Tips for Married Couples to Max Out Retirement Savings

By Christine / April 14, 2016
Tips for Married Couples to Max Out Retirement Savings

Married couples generally have the right to claim double the retirement savings tax breaks as single individuals. Contributing as much as possible to a qualified retirement account can help you earn tax breaks and employer contributions to grow your money faster. Here's how to max out your retirement savings depending on the type of retirement account you have.

401(k) Plans

The contribution limits for 401(k) plans in 2016 are:

  • $36,000 for married couples
  • $18,000 each individual
  • Additional $6,000 if over 50 ($48,000 if both spouses are over 50)

While ideally it's best to max out both 401(k) plans if you both have a plan through your employer, this isn't always possible. In that case, I would focus first on the account with the best employer match.

Begin by checking the match each employer offers and try to maximize employer contributions. Some employers match a portion or all of their employees' contributions. Common scenarios are matching up to 3% of the employee's salary or a straight 100% match to a limit.

After you max out the employer contributions, check which 401(k) has the lowest cost funds and focus on that account.

Traditional IRAs

A traditional IRA is usually viewed as the second-best retirement savings vehicle after an employer-sponsored 401(k). The trick with traditional IRAs is you must meet income guidelines to contribute and enjoy tax breaks.

If the account owner participates in a retirement plan at work, you can only claim the full tax deduction as a married couple if your modified adjusted gross income (AGI) is less than $98,000. If you exceed the income guidelines, you can't defer income tax on your IRA contributions.

Contribution limits for traditional IRAs apply to each person, which means married couples can contribute the limit for both people.

In 2016, the contribution limits for an IRA are:

  • $5,500 per individual
  • Additional $1,000 catch-up for people 50 and older
  • $11,000 for a married couple (or $13,000 if both spouses are 50 or older)

You can contribute money into an IRA even if you have a retirement plan like a 401(k) through your employer, but you may not be able to deduct all contributions to a traditional IRA if one or both spouses participate in an employer retirement plan.

If only one spouse is working, he or she can still make an IRA contribution up to the limit on behalf of the non-working spouse.

Roth IRAs

If you have a 401(k) at work and your income bars you from contributing to a traditional IRA, a Roth IRA may be an option. Married couples must have a modified AGI of less than $193,000 to contribute to a Roth.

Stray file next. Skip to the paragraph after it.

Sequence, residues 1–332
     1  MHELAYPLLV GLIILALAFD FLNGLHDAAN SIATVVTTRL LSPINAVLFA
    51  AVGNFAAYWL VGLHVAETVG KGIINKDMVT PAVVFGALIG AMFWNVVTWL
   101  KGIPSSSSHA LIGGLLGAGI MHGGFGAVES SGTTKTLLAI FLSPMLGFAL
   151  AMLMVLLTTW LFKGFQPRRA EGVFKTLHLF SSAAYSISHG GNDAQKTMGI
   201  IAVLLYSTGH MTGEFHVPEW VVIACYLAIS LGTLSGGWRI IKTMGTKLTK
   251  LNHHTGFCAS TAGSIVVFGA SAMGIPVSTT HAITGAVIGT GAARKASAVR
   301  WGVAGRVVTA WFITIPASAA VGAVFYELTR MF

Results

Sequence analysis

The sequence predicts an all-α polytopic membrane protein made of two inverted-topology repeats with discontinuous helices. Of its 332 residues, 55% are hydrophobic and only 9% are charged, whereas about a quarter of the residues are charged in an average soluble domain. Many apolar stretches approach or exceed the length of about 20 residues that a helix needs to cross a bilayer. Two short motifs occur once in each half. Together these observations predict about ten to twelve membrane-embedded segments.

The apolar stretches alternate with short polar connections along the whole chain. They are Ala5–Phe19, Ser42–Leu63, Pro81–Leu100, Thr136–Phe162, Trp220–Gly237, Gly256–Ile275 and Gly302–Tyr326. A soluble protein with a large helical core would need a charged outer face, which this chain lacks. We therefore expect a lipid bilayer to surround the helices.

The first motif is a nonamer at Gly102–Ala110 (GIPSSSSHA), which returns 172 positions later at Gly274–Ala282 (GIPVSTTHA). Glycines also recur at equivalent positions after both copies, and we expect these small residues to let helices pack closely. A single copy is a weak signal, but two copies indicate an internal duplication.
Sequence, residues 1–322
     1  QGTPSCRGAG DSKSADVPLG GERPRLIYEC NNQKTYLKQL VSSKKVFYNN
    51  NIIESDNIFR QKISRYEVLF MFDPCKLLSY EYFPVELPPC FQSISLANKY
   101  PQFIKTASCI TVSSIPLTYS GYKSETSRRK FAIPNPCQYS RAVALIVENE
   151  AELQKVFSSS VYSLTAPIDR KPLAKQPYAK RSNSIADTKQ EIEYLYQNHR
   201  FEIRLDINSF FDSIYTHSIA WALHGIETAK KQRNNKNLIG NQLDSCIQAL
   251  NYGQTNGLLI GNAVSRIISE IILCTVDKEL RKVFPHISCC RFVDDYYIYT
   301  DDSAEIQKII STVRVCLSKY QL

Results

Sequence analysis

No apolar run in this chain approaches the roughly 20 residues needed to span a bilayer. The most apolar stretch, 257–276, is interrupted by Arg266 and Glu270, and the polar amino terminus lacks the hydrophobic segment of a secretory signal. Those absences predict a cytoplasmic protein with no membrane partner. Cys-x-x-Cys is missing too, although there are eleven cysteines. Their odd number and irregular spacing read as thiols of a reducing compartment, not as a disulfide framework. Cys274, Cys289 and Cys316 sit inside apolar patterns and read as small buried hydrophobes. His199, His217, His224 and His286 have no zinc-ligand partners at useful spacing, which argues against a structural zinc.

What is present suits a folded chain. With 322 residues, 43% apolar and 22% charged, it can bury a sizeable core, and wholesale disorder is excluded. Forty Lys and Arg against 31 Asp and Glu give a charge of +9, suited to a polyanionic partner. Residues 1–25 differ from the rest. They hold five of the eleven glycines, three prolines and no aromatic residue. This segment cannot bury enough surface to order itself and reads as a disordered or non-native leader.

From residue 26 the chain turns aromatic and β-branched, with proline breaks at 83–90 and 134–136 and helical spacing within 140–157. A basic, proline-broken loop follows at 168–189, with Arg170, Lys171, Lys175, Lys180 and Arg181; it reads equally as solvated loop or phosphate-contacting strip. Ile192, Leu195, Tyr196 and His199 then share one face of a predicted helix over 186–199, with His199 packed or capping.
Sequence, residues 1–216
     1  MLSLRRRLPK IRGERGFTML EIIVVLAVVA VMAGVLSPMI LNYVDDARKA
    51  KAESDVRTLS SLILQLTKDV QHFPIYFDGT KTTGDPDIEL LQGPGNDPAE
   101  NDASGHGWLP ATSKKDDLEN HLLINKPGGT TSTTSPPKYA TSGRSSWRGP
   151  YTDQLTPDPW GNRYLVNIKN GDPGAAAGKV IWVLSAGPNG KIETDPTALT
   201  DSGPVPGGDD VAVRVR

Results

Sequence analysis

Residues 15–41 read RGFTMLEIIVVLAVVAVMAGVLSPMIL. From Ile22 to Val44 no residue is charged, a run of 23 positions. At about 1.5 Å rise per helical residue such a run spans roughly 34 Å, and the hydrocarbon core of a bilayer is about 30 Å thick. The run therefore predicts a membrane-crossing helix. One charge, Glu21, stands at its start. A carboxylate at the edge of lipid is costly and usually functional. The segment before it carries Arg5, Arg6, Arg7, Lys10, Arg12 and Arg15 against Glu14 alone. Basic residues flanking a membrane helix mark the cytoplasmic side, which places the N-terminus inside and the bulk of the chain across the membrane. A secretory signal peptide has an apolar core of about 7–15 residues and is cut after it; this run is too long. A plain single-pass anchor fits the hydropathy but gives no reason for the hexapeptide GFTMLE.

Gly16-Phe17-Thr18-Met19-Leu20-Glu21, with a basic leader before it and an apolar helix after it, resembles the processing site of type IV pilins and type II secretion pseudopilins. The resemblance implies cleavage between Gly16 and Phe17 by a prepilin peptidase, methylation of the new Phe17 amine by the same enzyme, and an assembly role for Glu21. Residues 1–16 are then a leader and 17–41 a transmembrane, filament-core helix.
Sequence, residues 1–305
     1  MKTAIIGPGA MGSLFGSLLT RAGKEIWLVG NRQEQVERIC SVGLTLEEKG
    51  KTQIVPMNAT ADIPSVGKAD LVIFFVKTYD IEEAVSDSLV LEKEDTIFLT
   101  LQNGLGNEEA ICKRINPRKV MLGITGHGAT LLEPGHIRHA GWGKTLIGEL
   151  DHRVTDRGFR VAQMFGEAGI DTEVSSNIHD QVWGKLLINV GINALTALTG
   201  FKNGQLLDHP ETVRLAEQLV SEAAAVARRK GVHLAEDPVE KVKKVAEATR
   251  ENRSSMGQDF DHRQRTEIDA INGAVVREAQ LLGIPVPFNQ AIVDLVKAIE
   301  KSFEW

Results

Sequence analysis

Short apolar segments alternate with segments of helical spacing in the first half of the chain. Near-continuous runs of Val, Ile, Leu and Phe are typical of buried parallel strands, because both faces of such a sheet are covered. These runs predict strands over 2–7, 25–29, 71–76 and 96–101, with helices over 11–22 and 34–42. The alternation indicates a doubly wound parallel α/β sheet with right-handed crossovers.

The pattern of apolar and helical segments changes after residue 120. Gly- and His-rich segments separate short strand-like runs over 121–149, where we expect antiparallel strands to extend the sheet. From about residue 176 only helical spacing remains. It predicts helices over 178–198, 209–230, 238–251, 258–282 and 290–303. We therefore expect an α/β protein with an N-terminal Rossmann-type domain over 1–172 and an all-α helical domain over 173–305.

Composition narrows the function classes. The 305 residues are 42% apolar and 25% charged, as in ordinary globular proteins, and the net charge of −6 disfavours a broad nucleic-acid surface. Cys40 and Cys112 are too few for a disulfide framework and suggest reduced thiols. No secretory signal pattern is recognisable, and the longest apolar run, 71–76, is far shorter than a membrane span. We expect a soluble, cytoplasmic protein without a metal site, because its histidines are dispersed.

Unlike traditional IRA contributions, which are tax-deductible for the year in which they are made and taxed in retirement upon withdrawal, Roth IRAs offer no tax breaks for contributions but all withdrawals and earnings are tax-free.

Contribution limits for Roth IRAs are the same as for traditional IRAs:

  • $5,500 per person
  • $6,500 for people 50 and older
  • $11,000 for married couples ($13,000 if both spouses are 50 or older)

Health Savings Accounts

While not traditionally viewed as a retirement tool, a health savings account (HSA) can help you address the ever-increasing cost of health care. Married couples retiring today can expect health care costs of around $245,000 through retirement, a 29% increase from 2005, according to Fidelity.

An HSA can help you save for current health care costs along with health care expenses or living expenses in retirement.

A health savings account is a tax-exempt account that can be used to pay medical expenses. While IRAs and 401(k) plans can give you tax breaks or tax-deferred contributions, only a health savings account allows tax-deductible contributions with earnings and interest that grow tax-free -- while allowing you to withdraw money tax-free for qualifying expenses. This triple tax break is not found anywhere else.

As an added bonus, you can withdraw money from an HSA for any reason with no penalty after the age of 65.

Your money will grow tax-free until you need it, whether you want to pay for medical expenses (including those from any time in the past if you have receipts) or for living expenses in retirement.

Unfortunately, not everyone can qualify for a health savings account. You need to have coverage with a high deductible health care plan to open an HSA. These accounts are often offered by employers, many of which contribute to the employee's HSA as an incentive.

If you open an HSA, contribution limits in 2016 are:

  • $3,350 if you have individual coverage
  • $6,750 if you have family coverage
  • $1,000 additional contribution limit if you are 55 or older

Saver's Credit

Finally, don't forget to take into account the saver's tax credit. This credit is available to married couples who earn less than $61,500 and contribute to a retirement account. The credit can be worth anywhere from 10% to 50% of the amount you contribute to retirement up to $4,000. This means you can put your money into a 401(k) or IRA pre-tax and get the saver's credit to offset taxes.